Practicing of healthy diet and regular physical activity is prominent part of healthy life style which have significant mental and physical health benefits. Currently, lifestyle has become an important predictor of health status. For instance, the World Health Organization (WHO) has declared that 60% of an individual’s health-related quality of life depends on his/her lifestyle.1
Non-communicable diseases are increasing globally and resulted a deleterious effect. Unhealthy diet and physically inactive have been strongly associated with these diseases.2,3
WHO global health status (2014) reported that in 2012, alcohol consumption was responsible for about 5.9% (3.3 million) deaths globally and 5.1% of disability-adjusted life years (DALYs). By the same taken, insufficient physical activity has contributed to 3.2 million deaths and 69.3 million DALYs each year. It also showed that cardiovascular disease due to unhealthy life style was attributed for 46% (17.5 million) deaths by 2012. Of these deaths, about 7.4 million were due to heart attacks (ischemic heart disease) and 6.7 million were due to strokes.4
Many studies have shown that an unhealthy diet and physical inactivity increase the risk of diabetes, osteoporosis, obesity and cardiovascular diseases.5–10
Several international reports have indicated that non-communicable diseases affect not only adults but also starting to affect the younger generations.11–14 For instance, study conducted among Palestinian students at An-Najah National University revealed that the prevalence of overweight and obesity was 26.2%, with a significant increase among males 36.4%) compared with females 19.1%. The prevalence of metabolic syndrome among obese and overweight was 28.6%.13 Another study conducted in Ghana to assess the prevalence of pre-hypertension and hypertension and its related risk factors among undergraduate students in a Tertiary institution showed that twelve 2.2% of the students were hypertensive, whilst pre-hypertension was prevalent in 26.1% of the students.12
It is obvious that most young adult population is university students. These students subjected to mutable transitional period of new independence life expecting to be self-reliant but, nevertheless are prone to engage in different tasks which are considerable contributors to unhealthy lifestyles.15,16
Numerous studies have shown that university students often have poor eating habits. For instance, finding from both Western and Arab countries have indicated that university students are not taking healthy diet and not following the recommended level of physical activity.15,17–20
Although there are increasing efforts to make university students practice healthy promoting behaviors particularly following recommended diet and regular physical activity,21,22 there have been no reported healthy Campus initiatives. It has been also noted that there is no known study that has assessed the healthy diet and physical activity practice of university students in Ethiopia. Therefore, this study aimed to assess healthy diet and physical activity practices among students of Mekelle University from September 2019 to June 2020. Findings of the current study are expected to direct efforts and actions toward enhancing the health of those in need.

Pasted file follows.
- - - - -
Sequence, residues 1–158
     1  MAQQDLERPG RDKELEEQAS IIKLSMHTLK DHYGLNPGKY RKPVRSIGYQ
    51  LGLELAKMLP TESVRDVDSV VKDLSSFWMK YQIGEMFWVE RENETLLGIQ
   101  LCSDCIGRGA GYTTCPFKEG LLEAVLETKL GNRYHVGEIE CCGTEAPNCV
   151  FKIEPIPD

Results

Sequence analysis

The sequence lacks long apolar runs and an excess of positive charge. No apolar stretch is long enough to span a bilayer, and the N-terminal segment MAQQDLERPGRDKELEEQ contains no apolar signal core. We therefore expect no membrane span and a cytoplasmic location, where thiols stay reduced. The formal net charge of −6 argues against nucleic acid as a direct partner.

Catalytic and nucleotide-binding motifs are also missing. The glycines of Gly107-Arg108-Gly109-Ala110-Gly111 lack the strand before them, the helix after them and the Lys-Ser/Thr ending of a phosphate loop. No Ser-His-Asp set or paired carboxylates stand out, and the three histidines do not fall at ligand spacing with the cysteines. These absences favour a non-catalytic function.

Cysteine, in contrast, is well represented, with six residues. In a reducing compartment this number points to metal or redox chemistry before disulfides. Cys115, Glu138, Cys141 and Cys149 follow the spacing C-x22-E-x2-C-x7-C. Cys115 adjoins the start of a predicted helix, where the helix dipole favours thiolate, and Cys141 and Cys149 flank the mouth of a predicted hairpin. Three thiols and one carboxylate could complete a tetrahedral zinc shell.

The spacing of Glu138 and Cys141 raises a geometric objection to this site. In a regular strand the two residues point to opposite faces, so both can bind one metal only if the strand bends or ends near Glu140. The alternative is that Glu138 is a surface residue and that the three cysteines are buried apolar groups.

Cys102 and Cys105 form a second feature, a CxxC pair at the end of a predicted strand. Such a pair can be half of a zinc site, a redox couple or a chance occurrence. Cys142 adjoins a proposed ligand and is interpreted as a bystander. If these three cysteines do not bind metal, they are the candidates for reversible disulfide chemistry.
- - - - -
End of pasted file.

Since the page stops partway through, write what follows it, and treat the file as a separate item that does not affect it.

Methods and Materials
Study Design, Area and Period
Cross-sectional study design was carried out to assess the practice of healthy diet and physical activity among study participants at Mekelle University, from September 2019 to June 2020. Mekelle University is one of the largest public universities in Ethiopia.
Source and Study of Population
All under graduate Mekelle university students were taken as source population whereas students unable to attend due to serious health problems or other considerable issues were excluded from the study.
Sample Size Determination
The sample size was determined by using the formula [n = [(Za/2)2*P (1 − P)]/d2] by considering 95% confidence level of Za/2 = 1.96, margin of error 5%, proportion (p) of 50% and the final sample size was 422. Due to the sampling technique was involved multistage a 1.5 design effect was used. The required sample was 633.
Sampling Technique and Sampling Procedure
The best fitted sampling method was multi stage simple random sampling where each selected college was divided in to departments. And then each department was divided in to classes and sample was taken from each class using simple random sampling method.
Data Collection Tool and Technique
Research assistants collected the data by using normalized self-administered questionnaire. The questionnaire includes two sections. The first section included questions to ask about demographic characteristics.18
The second section contained 17 questions (9 questions for healthy diet and 8 questions for physical activity) to assess the healthy diet and physical activity of the students. The tool for measuring the healthy diet and physical activity practices of college students was developed by Walker, Sechrist, and Pender.23 Participants indicated the frequency in which they participate in each using a four-point scale ranging from 1 (never) to 4 (routinely). Students who scored above the mean score for healthy diet and physical activity questionnaire were considered as a good and those who scored below the mean score were considered as poor.
Data Quality Control